Combining these two elements resulted in my art work “Hooded Mirror (Ghosts), 2018.” It is not only a piece of reaction but also of interaction. Presented to the viewer is a drawing of a stylized hooded figure. Here it is presented in a frontal view as a symbol of the black “Everyman.” In place of a face, there is a mirror. The proverbial “holding a mirror up to society” is now a literal thing. Viewers are invited to step up and see their reflection in the mirror. Mirrors have been used throughout art history as a comment on self- knowledge, judgement and vanity. Here I use it to humanize the wearer of the hoodie and break down the stereotypes that white fragility has laid upon black men by seeing the black man’s humanity through their own. We are them. They are us. We are one. Can we overcome our bias to see that?
The parenthetical title of “Ghosts” (written across the chest of the hooded figure in overlapping block letters) refers to how this racist criminalization of black men, women, girl and boys are making ghosts of them too soon. This is happening through their outright deaths or by them “ghosting” themselves by hiding from society, seeking to hide within this singular garment that blends in even as its minimalist silhouette makes them stand out. This hiding further isolates them and begins this downward spiral to being cornered like the fox – mentioned in the one of the “rules” in Tru’s “Being Black for Dummies” – and lashing out in a way that is misunderstood by law enforcement which offers another excuse to consider black people as “dangerous.” This leads to more killing which is a modern form of lynching which is alluded to by the one of the hoodie’s black draw strings forming a noose at the end.
Upon further viewing the hoodie, I also want wanted the viewer to go beyond this context and consider the symbolism that the hoodie has carried in contemporary mythmaking. Think of fictional characters that also wear hoodies or hooded garments: Rocky Balboa – the underdog boxer, Luke Skywalker – the Jedi, Gandalf - the Wizard from Lord of the Rings. We cheer for these archetypal characters as heroes with extraordinary powers to overcome adversity and win in the end. Can we do the same thing for black men? It wasn’t until the rediscovery of Luke Cage, the bullet-proof superhero of Marvel Comics, in his hoodie that we had a chance to think this was possible.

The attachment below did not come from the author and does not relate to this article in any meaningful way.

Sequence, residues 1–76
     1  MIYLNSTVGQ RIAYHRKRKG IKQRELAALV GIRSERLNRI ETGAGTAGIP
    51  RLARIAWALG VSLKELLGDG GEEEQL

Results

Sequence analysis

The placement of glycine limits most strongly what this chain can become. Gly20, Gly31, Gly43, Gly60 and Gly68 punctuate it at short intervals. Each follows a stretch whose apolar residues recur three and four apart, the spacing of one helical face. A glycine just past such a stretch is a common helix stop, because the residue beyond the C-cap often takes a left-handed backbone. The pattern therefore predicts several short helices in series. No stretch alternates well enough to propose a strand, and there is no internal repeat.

Normally my art is saturated with bright colors, but I resisted the urge to use color in any way. Instead I used varying grades of pencil to create shades of grey. This adds to the ghostly appearance of the hoodie but also comments on the absence of a simple “black and white” problem with a simple solution. It is nuanced and shifting.
Finally, I wanted to put this work in context of history. Behind the hooded figure, there are others as presented by the shifting and shaded arcs that peak out and around the hoodie. This was inspired by the staging of the final moments of the play when we see Marquis in a white hoodie with a group behind him in black hoodies, all with their hands up. I wanted to acknowledge the unknown names of those of the African diaspora who had suffered and died – the ghosts of uncountable multitudes impacted by the brutality of colonization, slavery, apartheid and structural oppression that give racism its oxygen. Their humanity, their legacy is in our hands now. How do we respond?